Tuesday, November 17, 2009

Bennetts TARP Gambit

Hey look, the Tea Party influence. From unintelligent message to unintelligent legislation in less than a year. SLTrib:

A group of Republican senators, including Utah's Bob Bennett, filed a bill Tuesday to stop the Treasury Department from extending the Troubled Asset Relief Program for another 10 months.

They argue the Obama administration has used TARP for purposes far beyond what Congress intended and they want the unused money -- about $300 billion -- to go toward the national debt.

"The financial crisis has passed," said Bennett. "The usefulness of TARP is therefore over."

Bennett and five of the bill's other sponsors originally voted for the $700 billion TARP program saying they felt the country was on the verge of an economic disaster. Bennett is up for reelection in 2010 and has been criticized for that vote by Republican challengers.

This is moronic. And those who think it's a good idea are morons subscribing to the moronic. No matter how much the tea baggers hates them some spending, a bank rescue was necessary. If they banks are still in trouble, additional rescue is going to be necessary. Plenty of room for criticism at the lack of TARP oversight (something conservatives played the largest role in, ironically), or where the funds were directed, but anyone who argues we should've just let our largest banks fail displays a peculiar lack of understanding about our economy and how it functions today.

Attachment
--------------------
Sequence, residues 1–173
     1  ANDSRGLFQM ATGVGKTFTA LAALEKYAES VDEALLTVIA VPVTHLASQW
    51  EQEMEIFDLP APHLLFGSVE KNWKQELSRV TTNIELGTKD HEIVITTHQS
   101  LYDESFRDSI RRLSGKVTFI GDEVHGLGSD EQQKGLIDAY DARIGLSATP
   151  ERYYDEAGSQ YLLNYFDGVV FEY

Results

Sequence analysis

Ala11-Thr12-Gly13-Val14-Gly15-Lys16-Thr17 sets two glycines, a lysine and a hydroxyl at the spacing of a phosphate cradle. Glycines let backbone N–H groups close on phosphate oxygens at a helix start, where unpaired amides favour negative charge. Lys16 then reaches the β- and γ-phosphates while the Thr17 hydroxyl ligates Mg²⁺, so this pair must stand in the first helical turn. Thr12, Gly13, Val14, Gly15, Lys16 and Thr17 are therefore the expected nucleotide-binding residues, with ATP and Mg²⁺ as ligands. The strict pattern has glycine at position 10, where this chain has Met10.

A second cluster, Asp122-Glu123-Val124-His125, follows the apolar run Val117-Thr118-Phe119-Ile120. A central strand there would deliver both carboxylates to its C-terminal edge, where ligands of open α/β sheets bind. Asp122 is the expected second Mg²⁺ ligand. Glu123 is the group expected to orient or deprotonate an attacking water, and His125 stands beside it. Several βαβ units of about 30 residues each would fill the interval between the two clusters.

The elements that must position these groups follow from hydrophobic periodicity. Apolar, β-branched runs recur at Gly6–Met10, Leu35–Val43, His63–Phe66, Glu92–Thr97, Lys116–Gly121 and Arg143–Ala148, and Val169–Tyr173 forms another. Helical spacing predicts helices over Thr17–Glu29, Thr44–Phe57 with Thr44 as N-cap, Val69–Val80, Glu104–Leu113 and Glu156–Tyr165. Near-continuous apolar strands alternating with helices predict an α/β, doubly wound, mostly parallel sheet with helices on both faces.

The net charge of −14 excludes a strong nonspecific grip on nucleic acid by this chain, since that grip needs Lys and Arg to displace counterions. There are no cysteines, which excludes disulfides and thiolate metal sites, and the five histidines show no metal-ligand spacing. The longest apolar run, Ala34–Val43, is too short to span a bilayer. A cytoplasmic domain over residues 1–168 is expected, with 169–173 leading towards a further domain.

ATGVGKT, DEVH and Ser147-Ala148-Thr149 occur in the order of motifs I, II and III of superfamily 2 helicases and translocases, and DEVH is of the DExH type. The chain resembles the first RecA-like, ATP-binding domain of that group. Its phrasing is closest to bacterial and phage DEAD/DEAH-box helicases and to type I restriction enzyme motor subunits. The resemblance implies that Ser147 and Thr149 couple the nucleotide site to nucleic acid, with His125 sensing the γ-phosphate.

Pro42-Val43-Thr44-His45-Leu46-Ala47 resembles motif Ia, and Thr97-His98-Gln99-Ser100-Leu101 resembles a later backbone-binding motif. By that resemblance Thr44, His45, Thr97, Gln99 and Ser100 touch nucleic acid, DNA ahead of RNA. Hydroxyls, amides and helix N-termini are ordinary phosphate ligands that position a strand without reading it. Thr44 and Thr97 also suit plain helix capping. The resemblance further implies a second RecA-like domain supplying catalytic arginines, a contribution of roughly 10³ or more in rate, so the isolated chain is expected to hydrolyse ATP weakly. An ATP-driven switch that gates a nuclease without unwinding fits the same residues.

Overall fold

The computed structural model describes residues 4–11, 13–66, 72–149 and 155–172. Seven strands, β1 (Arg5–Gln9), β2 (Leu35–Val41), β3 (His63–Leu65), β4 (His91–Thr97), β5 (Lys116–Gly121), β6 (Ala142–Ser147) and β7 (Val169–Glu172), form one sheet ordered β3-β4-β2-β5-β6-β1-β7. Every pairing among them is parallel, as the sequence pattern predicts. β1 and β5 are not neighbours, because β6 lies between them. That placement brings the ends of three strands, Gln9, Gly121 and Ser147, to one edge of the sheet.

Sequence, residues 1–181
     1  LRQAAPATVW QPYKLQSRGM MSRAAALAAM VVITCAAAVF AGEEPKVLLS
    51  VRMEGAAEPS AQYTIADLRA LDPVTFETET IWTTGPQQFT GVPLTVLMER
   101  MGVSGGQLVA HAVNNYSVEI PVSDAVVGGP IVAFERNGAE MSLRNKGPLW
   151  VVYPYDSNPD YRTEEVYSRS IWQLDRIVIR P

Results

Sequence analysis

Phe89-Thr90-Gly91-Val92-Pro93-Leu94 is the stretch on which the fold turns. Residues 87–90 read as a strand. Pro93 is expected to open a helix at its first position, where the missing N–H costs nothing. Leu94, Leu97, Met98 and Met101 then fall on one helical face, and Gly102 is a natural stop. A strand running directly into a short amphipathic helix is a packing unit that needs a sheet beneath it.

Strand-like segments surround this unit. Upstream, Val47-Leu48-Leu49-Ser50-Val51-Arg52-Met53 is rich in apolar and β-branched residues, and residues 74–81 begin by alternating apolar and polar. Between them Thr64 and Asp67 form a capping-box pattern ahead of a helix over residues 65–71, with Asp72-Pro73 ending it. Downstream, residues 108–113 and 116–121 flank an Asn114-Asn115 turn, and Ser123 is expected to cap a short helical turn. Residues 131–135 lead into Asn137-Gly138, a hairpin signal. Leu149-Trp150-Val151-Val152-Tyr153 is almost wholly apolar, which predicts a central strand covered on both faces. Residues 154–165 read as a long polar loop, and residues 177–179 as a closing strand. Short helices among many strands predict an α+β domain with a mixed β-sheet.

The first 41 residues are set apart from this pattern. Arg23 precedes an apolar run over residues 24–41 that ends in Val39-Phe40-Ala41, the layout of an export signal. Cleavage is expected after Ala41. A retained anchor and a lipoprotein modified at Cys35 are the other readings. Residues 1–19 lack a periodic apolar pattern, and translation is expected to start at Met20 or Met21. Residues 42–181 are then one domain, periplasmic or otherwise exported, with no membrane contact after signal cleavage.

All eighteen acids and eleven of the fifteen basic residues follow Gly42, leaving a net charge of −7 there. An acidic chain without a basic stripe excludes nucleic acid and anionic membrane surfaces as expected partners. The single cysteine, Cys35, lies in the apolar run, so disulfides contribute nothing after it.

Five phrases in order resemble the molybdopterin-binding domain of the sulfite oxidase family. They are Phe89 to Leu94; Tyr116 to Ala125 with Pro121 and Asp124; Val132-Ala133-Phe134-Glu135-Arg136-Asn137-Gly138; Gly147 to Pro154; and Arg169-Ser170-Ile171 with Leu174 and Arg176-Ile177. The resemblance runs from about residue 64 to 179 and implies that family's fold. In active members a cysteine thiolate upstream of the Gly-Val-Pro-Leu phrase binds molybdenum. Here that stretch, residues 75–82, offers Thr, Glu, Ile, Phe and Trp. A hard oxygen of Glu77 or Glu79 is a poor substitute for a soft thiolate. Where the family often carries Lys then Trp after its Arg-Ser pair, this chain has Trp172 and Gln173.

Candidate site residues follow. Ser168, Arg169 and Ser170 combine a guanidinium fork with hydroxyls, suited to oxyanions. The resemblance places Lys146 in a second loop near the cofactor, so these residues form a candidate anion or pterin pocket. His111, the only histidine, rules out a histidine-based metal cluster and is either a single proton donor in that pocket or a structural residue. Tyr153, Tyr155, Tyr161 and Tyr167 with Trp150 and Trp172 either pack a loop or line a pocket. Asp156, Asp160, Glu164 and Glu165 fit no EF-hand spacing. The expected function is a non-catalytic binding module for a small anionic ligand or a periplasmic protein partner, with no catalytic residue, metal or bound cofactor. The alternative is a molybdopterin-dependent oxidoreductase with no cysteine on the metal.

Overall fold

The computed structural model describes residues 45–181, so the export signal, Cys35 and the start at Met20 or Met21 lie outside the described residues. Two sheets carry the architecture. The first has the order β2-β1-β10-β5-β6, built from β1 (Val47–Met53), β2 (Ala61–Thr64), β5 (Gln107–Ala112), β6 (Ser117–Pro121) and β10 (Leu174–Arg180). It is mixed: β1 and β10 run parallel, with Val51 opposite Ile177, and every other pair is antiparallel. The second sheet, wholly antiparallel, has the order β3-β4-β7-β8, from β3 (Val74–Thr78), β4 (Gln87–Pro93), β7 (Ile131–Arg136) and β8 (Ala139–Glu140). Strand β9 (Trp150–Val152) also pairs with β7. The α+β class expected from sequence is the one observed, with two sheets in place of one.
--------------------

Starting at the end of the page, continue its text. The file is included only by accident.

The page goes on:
I'd wager that if those sponsoring this legislation thought for a second it had an actual chance of passage, they wouldn't submit it if their life depended on it.

But since it won't pass, and since they're all facing pressure from low-information wingnuts, they send it up to pad their conservative creds.

How is this a good thing? Shouldn't we expect useful, thoughtful, and -- most importantly -- good policy from our elected officials? The tea party influence over these GOP reps afraid to stand up and call stupid stupid is a complete waste of time.

But, then again, it's entertaining to watch them scramble, so... carry on, Tea Baggers!

4 comments:

  1. Do we really have to support either TBTF investment banks or the teabaggers?

    One group is waay too connected: funny how Goldman Sachs and the firms who owed them money got saved, leading to record profits and bonuses at Goldman, with essentially no positive benefits to the real economy.

    The other group is just waay too crazy: "low-information wingnuts" is a polite way to put it.

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  2. For Bennett this is nothing more than his effort to atone for the sin of halping to craft TARP in the first place - I wonder how many people (of those who criticized his TARP vote) will believe his sincerity and begin supporting him again.